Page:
In this summer of political discontent, an extraordinary thing happened when Congress passed and President Donald Trump signed into law the Great American Outdoors Act, which some have billed as the most important environmental legislation in generations.
The act will provide billions of dollars to our national parks, forests and wildlife refuges. And in historic Virginia, where such federal recreational lands number in the millions of acres and draw millions of visitors, that is big news for conservation, tourism and jobs.
What has been less fully appreciated, however, is that Virginia’s own Sen. Mark Warner laid the groundwork for the act three years ago when he introduced the National Park Service Legacy Act.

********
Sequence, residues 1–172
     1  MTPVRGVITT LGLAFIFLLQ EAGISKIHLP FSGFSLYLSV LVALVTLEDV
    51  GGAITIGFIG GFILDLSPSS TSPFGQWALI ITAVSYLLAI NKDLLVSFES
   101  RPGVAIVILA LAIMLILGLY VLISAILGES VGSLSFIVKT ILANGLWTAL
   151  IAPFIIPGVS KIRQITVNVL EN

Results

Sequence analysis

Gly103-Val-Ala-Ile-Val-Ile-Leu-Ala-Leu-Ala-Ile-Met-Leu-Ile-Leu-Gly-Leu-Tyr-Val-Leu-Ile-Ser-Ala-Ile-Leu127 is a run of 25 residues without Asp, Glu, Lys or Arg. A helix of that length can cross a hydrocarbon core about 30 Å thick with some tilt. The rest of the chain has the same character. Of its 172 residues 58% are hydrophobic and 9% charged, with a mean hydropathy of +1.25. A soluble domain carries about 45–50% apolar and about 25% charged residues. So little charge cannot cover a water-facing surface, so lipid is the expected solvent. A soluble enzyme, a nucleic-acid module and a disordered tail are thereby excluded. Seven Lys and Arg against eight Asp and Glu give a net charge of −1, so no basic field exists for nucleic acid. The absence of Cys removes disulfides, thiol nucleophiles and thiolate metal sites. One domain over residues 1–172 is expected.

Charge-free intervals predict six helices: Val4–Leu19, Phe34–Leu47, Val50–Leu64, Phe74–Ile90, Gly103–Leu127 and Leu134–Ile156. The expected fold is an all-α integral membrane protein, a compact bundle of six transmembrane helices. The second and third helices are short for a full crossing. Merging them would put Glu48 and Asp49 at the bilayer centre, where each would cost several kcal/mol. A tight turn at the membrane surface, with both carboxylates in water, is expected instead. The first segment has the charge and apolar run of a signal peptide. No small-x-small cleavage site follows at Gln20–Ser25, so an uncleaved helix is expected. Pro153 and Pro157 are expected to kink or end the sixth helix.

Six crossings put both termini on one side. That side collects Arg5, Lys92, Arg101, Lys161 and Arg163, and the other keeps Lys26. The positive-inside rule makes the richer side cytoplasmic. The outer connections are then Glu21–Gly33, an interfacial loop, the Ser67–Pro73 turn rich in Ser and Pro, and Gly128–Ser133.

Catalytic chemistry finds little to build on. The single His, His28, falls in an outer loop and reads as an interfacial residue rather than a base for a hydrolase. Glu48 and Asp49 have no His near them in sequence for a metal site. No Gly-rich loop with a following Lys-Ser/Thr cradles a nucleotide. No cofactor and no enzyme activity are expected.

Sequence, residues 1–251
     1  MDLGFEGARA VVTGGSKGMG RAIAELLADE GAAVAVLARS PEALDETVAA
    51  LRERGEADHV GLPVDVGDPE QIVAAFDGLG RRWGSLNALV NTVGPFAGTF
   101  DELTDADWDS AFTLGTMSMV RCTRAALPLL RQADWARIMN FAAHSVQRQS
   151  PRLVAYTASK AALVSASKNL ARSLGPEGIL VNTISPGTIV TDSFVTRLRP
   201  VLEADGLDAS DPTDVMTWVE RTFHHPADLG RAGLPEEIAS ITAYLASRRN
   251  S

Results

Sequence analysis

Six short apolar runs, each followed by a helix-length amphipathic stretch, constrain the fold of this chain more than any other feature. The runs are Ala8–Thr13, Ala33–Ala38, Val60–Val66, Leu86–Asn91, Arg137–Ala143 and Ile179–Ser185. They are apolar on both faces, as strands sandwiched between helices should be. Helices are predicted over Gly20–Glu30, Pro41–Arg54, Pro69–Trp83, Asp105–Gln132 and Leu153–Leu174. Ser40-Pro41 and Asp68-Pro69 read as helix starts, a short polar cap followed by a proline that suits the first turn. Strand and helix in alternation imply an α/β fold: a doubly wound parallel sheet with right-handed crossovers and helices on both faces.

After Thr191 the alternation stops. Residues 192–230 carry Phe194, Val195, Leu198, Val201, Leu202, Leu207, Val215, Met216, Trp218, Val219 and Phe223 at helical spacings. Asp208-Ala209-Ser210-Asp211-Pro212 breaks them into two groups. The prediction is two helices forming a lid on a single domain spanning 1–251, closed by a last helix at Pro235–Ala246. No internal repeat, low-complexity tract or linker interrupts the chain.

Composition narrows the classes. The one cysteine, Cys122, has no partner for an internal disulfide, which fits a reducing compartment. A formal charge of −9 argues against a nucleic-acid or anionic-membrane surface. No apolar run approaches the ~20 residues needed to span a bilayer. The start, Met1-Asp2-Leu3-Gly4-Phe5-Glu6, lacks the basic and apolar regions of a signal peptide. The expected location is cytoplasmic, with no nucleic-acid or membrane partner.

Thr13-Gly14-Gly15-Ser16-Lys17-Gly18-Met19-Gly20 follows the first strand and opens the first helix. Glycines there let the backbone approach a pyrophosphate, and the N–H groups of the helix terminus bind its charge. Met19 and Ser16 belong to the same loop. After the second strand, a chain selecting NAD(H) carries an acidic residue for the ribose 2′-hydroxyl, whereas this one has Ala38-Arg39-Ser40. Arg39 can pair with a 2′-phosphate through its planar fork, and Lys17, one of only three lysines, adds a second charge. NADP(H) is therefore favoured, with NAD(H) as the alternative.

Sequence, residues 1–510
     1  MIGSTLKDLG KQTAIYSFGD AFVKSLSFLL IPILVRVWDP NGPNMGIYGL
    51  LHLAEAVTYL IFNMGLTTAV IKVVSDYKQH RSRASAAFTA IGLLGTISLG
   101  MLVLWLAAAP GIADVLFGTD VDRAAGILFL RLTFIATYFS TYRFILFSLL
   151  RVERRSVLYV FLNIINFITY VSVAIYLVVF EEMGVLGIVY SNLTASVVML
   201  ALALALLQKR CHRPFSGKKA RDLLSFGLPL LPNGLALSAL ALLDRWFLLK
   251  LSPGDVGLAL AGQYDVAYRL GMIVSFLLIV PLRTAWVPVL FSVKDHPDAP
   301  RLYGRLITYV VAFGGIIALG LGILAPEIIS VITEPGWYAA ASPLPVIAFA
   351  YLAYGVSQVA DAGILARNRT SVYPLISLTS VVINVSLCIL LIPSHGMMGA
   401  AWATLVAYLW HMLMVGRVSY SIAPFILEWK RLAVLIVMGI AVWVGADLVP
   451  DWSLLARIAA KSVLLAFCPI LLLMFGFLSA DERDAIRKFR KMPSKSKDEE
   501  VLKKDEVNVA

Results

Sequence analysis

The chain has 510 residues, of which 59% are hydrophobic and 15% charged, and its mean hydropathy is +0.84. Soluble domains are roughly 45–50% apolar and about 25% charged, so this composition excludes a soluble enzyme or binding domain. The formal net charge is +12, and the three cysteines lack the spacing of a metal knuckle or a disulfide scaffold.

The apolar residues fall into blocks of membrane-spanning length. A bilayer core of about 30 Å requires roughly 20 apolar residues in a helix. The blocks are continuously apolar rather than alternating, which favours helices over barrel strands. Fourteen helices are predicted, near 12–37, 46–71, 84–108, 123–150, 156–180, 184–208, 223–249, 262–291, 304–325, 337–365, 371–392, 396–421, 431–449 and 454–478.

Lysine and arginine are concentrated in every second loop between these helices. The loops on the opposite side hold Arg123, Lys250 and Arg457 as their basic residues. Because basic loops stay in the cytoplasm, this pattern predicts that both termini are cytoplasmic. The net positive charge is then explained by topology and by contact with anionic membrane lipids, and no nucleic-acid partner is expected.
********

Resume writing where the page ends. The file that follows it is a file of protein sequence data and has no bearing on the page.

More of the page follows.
It was this bill that first proposed significant funds to eliminate the National Park Service’s billions of dollars in backlogged infrastructure needs. When that proposal stalled, Warner, a Democrat, teamed up with Ohio Sen. Rob Portman, a Republican, and a handful of other senators from both sides of the aisle to introduce the Restore Our Parks Act, which garnered support from more than half of the Senate. That traction led to its eventual inclusion in a broader conservation package dubbed the Great American Outdoors Act.
The act does two important things. First, it provides $9.5 billion over five years to address decades of delayed maintenance to more than 5,500 miles of roads, 17,000 miles of trails and 24,000 buildings in our national parks, as well as deliver infrastructure repairs at national forests and national wildlife refuges.